Strumming life into music

Volunteer-run webshow “191 Live” is striving to revitalize the Philly music scene by offering local bands the opportunity of a lifetime. Walking into the doorway of Rebecca “Athena” Martin’s house was like walking into another

Volunteer-run webshow “191 Live” is striving to revitalize the Philly music scene by offering local bands the opportunity of a lifetime.

Walking into the doorway of Rebecca “Athena” Martin’s house was like walking into another world. At first glance, it was a normal home filled with furniture and typical household items. The basement, however, was a completely different story.

WALBERT YOUNG TTN Every week, “191 Live” features a different band of any music genre and creates a live webcast highlighting different aspects of music. The broadcast is aired on Sundays starting at 6 p.m.

Every step taken down the dimly-lit staircase uncovered something new – scattered instruments, amps, computers, lighting equipment and fog machines highlighted the room’s decor, which included a life-size stuffed horse and a clown mannequin smirking in the corner.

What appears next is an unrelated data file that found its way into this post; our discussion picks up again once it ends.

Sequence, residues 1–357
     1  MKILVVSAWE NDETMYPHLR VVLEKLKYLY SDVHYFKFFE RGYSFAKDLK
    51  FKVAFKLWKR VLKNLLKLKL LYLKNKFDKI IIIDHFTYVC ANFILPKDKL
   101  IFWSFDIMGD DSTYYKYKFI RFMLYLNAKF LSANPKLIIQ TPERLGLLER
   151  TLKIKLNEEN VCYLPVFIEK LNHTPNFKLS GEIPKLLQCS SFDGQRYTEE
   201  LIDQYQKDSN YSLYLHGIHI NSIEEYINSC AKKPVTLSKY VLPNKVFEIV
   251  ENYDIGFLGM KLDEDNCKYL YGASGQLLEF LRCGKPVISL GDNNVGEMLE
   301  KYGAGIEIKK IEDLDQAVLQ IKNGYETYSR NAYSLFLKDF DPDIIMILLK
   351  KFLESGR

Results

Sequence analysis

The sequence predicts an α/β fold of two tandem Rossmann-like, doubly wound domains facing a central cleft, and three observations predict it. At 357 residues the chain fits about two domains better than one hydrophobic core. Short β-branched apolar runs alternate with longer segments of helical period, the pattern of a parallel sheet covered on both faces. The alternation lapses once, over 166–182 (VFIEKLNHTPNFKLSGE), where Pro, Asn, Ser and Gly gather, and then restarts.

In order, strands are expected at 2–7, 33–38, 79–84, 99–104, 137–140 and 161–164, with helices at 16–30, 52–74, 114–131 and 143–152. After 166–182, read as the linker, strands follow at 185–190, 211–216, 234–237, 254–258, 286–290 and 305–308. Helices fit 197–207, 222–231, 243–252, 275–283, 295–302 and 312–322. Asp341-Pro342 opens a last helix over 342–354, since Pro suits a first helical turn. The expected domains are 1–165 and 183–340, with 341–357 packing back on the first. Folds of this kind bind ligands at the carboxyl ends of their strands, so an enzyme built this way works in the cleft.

Since 2007, this basement – covered in band posters – has doubled as a TV studio. Martin’s basement has housed the volunteer-based music webshow “191 Live.” Every weekend, Martin, founder and producer of the show, invites a different local band into the studio to perform a concert, which is broadcast  live on the Web every Sunday at 6 p.m.

“Philadelphia used to have a very large name for profession in terms of art and music,” Martin said. “[‘191 Live’] is try[ing] to take back local control of businesses – keep out the big global magnet companies that come in and put on these live shows that victimize our local bands. Many people have tried to do networking organization and it failed, but we are now four years strong.”

Solely volunteer-based, “191 Live” has aided more than 500 musical groups, giving each band professional photos, the opportunity to perform live on the show and the promotion of the bands’ name with no charge.